Local News

Fayetteville leaders could halt police search practice

Posted January 23, 2012

— The Fayetteville City Council could vote Monday night to put a temporary freeze on a type of police search that has drawn criticism as disproportionately focusing on black residents.

The resolution would halt, for 120 days, so-called consent searches, in which police can ask drivers for permission to search a vehicle based on nothing more than a hunch.

If the council votes to approve the moratorium, it would begin on Feb. 1.

Mayor Pro Tem Jim Arp says he supports the police but wants time for a $30,000 independent review of the practice.

"We're certainly not saying to ban it," Arp said. "I'm in favor of consent searches. I think they're a good tool, but I don't think they're the only tool in the toolbox."

An analysis of traffic stops over the past two years by The Fayetteville Observer showed that black drivers accounted for three out of every four searches.

The numbers have drawn concern of racial profiling from groups, such as the NAACP, which called on city leaders Monday afternoon to approve the moratorium.

"This is a vital first step in an attempt to restore the public's confidence in the police force," state NAACP President Rev. William Barber said in a statement, adding that "this type of extreme racial bias needs to be corrected immediately."

Fayetteville police Chief Tom Bergamine, however, has defended the practice as a useful law enforcement tool and has said the searches aren't racially motivated.

Because of questions surrounding the legality of a moratorium, City Council members were expected to meet with the city attorney prior to Monday's meeting.

A report to the city from the University of North Carolina at Chapel Hill School of Government said the Council has the authority to put consent searches on hold.

Fayetteville leaders could halt police search practice Fayetteville leaders could halt police search practice

The North Carolina Police Benevolent Association says police are given power to do consent searches in a state statute and that city leaders do not have the power to override state law.

At least one City Council member, Valencia Applewhite, worries that temporarily stopping the searches could open the city up to lawsuits and could affect the police department's accreditation.

She said that she planned to vote against the moratorium.

Councilman Keith Bates also said he planned to vote against it, although he is in favor of the independent review.

In October, the City Council voted 7-3 against a proposal that would have required police to get written consent before searching a vehicle.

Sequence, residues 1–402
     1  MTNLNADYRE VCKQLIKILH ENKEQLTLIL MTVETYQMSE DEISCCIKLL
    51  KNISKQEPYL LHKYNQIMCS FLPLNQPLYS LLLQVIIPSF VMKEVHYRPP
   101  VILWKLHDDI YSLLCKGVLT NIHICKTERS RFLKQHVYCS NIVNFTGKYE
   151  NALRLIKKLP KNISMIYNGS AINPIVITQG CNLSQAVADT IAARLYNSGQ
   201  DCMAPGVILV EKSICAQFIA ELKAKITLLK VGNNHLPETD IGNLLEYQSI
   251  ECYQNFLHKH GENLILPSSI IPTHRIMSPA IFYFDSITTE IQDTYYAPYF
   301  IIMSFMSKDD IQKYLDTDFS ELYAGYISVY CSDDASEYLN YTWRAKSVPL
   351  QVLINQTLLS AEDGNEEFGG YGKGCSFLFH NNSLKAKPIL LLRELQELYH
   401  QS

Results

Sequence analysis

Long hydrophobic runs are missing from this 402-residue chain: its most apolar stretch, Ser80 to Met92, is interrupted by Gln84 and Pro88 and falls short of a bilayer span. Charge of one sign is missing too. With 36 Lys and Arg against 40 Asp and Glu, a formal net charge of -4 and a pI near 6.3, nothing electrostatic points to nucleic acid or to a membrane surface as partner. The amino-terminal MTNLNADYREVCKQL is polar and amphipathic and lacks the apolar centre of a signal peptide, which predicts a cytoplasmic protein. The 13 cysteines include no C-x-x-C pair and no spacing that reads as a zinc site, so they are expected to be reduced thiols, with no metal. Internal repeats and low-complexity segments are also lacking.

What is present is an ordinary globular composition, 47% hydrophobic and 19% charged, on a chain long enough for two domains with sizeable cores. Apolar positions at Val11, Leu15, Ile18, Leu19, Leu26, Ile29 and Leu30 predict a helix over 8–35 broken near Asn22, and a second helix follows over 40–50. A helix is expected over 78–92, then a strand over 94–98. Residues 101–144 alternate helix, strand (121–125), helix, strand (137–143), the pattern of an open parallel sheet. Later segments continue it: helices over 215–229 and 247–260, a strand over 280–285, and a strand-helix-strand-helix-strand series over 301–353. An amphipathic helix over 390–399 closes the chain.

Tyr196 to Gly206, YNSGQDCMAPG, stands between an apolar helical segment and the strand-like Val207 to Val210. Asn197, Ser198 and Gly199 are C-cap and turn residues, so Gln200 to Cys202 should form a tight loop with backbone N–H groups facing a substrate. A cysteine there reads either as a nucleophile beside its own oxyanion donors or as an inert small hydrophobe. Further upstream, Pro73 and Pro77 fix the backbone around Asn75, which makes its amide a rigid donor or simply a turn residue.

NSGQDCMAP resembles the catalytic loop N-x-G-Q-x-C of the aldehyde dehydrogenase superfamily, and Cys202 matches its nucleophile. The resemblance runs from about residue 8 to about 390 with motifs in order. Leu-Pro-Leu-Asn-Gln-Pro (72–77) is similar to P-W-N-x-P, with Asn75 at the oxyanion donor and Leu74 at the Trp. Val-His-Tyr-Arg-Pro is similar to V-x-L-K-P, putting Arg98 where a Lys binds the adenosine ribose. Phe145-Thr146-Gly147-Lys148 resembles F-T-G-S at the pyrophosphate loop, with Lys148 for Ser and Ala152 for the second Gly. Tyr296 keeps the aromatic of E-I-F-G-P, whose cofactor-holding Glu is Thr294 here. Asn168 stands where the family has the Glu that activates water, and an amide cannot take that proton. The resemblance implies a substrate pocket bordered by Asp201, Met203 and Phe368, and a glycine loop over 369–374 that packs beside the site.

It did, however, review the search guidelines and clarified for police that there must be at least one clear factor of suspicion to warrant a consent search. The council also said that all consent searches must also be documented and that officers must record their interactions with drivers during the searches.


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  • this is fdup Jan 23, 2012

    asking consent is a basic part of police work and has been upheld over and over again in case law. Asking for consent is giving the person stopped the power to choose yes or no. This seems like a very dumb idea on the part of the town board.

  • Commenter Jan 23, 2012

    "If one were innocent and has done nothing wrong, why would one seek legal council?" = Mike Nifong said that. People here are saying the same thing w.r.t. consent to searches. Say hi to Mike when you see him.

  • beachboater Jan 23, 2012

    Just curious, did the paper count how many of these stops of black residents were made by black police officers?

    I'm sure Fayetteville has a number of black officers. If it is all white officers doing the searches, then maybe you have something to gripe about. If stops are made by both black and white officers, where's the beef.

    If the Reverend Doctor William Barber says they need to stop, they probably need to continue. Just my 2¢ worth.

  • rstcort1 Jan 23, 2012

    "Law enforcement officers are allowed to search as incident to arrest in this state. If an officer arrests you for breaking any law then YES that officer has the right to search the area and "reach" area of the vehicle that the suspect was in. "

    Actually this is not entirely true. According to the Supreme Court in Arizona v. Gant, a Law Enforcement Officer can not search a vehicle incident to arrest unless he/she is to search for items related to the crime the defendant is being arrested for.

    If any contraband is found in the vehicle, you do not have to wait for a search warrant.

  • we2hedonists Jan 23, 2012

    If your not doing nothing illegal, I don't see what the problem is. Hey, if they want to search my vehicle, go for it. I have nothing to hide except McDonalds wrappers and soda bottles on the floorboard. warbirdlover